HAL 9000
HAL 9000

But I was under the Impression that Germany along with Motorola effectively had a Court Ruling to do exactly this Get rid of Microsoft in Germany at least. Apparently Motorola seems to think that Microsoft has been violating their Patients and has got a Court Order preventing the sale of any M$ Products in Germany till the Full Case is heard. M$ on the other hand seem to want to claim that their Patients have been Violated but never specifically say which Patients and scare the Victims into submission. Motorola at least specifically said which Patients they though had been violated and the court must have thought that there was a Case to answer as they made the Ruling and have allowed the case to proceed to trial. So Deb you just may find that M$ is out the door just that much sooner if they loose in Germany. :D Col

imsoscareed
imsoscareed

I maintain over 2000 pc's from XP to Win7. I haven't seen a BSOD in years. I keep hearing lots of people complaining about the though. Hmm, must be PEBCAK errors.

clerk2stew
clerk2stew

One big part of the industry that you didn't mention was the car industry. All those robots are communicating with Microsoft Internet Explorer.

bobc4012
bobc4012

I used your "search input" (linux freezes) and then started checking a number of sites. Your "implication" of Linux freezes is quite misleading. It is one thing when the OS freezes, which Windows does quite often - excessive compared to most Linux distros (one reason why Linux is rapidly becoming the OS of choice for servers). It is another thing when an application freezes. In this case, probably neither system has an advantage over the other. It is still another thing when a Linux freezes because someone was "tweaking" the boot-up, changing a config file or some such. It actually gives more kudos to an "open" Linux OS that people are willing to "experiment" or whatever compared to "closed" Windows OS. If you know enough about Linux internals (read the open source code) you can take your chances and rewrite parts of the kernel. Try that with Windows! My personal experience has been a lot more freeze-ups with Windows than Linux (I use Ubuntu and Zorin_OS). Even with Windows, I have experienced more freeze-ups and other problems with Windows 7 in less than a year than I have did with 8 years of using XP. I also noticed than an extremely high percentage of Microsoft patches for Windows 7 are "security" patches - so much for better security than XP. One of the biggest problems I have encountered with Windows 7 is when I use VirtualBox - afterwards, Windows 7 always hangs on Shutdown and I have to "power off" my Desktop manually (and then get the "safe mode choice" menu when I power back up). I can't say its Windows or VirtualBox (given its an Oracle product now). Regardless, you don't earn credibility when you do a "Google" search and count hits rather than investigating the reason behind the hits.

Zenith545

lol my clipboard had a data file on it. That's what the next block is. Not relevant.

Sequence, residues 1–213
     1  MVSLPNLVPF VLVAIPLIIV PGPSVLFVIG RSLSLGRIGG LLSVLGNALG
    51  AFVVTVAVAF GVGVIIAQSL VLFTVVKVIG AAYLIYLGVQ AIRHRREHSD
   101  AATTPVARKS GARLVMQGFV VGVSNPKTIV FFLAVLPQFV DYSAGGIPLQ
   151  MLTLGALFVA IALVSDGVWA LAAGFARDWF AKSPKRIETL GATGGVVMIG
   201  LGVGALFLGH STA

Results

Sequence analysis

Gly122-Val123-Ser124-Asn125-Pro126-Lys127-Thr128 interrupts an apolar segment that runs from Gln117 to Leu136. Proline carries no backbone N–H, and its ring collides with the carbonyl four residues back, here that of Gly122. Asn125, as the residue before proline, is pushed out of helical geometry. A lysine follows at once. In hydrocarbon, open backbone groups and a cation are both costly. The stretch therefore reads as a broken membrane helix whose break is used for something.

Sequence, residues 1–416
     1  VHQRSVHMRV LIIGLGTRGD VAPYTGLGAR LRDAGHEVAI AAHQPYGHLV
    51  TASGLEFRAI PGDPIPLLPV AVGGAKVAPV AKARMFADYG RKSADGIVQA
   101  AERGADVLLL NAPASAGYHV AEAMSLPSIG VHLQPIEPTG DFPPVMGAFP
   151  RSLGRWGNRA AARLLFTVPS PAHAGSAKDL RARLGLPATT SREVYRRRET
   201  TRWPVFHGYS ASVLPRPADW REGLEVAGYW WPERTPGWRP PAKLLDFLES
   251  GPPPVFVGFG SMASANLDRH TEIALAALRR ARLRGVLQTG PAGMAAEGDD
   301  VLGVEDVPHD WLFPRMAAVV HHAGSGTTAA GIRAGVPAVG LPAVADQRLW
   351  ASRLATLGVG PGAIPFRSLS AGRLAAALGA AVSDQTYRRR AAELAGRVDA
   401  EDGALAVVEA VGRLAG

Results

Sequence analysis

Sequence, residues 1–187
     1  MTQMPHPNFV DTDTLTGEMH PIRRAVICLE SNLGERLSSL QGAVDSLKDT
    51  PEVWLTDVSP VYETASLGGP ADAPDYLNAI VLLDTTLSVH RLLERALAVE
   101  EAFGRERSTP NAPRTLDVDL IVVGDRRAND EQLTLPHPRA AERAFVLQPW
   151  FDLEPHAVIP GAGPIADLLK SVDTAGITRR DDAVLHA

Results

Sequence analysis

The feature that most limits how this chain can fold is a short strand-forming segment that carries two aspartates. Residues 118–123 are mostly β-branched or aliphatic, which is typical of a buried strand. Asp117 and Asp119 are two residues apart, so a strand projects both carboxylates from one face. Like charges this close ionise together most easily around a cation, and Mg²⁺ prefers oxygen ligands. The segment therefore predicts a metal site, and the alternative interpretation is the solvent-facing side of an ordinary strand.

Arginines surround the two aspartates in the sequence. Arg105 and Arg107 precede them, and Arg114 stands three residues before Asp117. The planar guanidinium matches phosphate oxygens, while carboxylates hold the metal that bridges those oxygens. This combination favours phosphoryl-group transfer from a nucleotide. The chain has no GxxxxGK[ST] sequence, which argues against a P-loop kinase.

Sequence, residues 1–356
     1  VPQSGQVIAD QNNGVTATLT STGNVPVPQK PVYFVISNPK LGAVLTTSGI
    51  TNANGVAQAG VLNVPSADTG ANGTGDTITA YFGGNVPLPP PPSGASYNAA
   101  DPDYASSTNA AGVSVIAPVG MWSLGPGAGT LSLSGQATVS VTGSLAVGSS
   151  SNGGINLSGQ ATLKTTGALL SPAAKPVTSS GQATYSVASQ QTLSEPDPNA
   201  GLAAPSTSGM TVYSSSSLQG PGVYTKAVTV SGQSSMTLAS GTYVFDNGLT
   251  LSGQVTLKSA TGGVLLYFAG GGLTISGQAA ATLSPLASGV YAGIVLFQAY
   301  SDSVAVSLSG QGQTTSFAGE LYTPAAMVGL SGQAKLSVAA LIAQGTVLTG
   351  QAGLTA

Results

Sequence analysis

Zenith545

Hey Deb, of course you are a proponent of Microsoft. After all, why bite the hand that has fed you and your hubby for so long??? Not everybody gets the same perks as "you all" do. When the "average" person looks at the difference between $300 Windows 7 and practically free Linux OS to run their home computer, the choice sometimes looks very obvious. Even then considering M$ wants another $220-$300 for MS Office. There are many people that do not work in high profile tech-related fields that have to buy their computers and software at retail prices rather than have them given to them for nothing or offered at steep discounts. Maybe some of you people who make their money off M$ can explain why a company that has 80% - 90% of the OS market worldwide still charges $300 for their OS while little(?) Apple's OS X only costs $29

xambassador
xambassador

I've never regretted saying good-bye to MS; Linux has served me wonderfully.

digital riverrat
digital riverrat

I used to run a Linux box a number of years ago, just to see what all the hype was about and see if I liked it. I did. To an extent. But not enough to make the complete and full-time switch. And I didn't limit myself to Linux. I tried Solaris (Yes, I had a Sparc 3&5), BSD, Red Hat, and 2 others I don't recall. And none of them ever crashed or froze on me. Even running Windows emulators to have a more familiar GUI.

stoneyh
stoneyh

How often do you really see a BSOD? Especially in a controlled professional envrionment. I have been in the computer industry going on 30 years. Certainly there have been blue screening nightmares with some notable and crappy offerings from Microsoft. But XP and Windows 7 are extremely stable unless you use your PC like a 12 year old's lab experiment. Show me an unstable Windows system and I will show you a user with unstable habits or broken hardware. Quite frankly surrounded by hundreds of units at dozens of installations where I have worked the BSOD has become a certified rarity and more the stuff of urban legend and weak users than reality. Maybe it's just fun to say "blue screen of death"... Okay it definitely is! I use and like OS X plenty fine too and it's Fisher-Price computing platform has been the panacea for my parents and my childrens destructive free-wheeling practices. But in my day to day life I trust the Windows environment more than any other platform. But I am not a "follower" or devotee of any platform.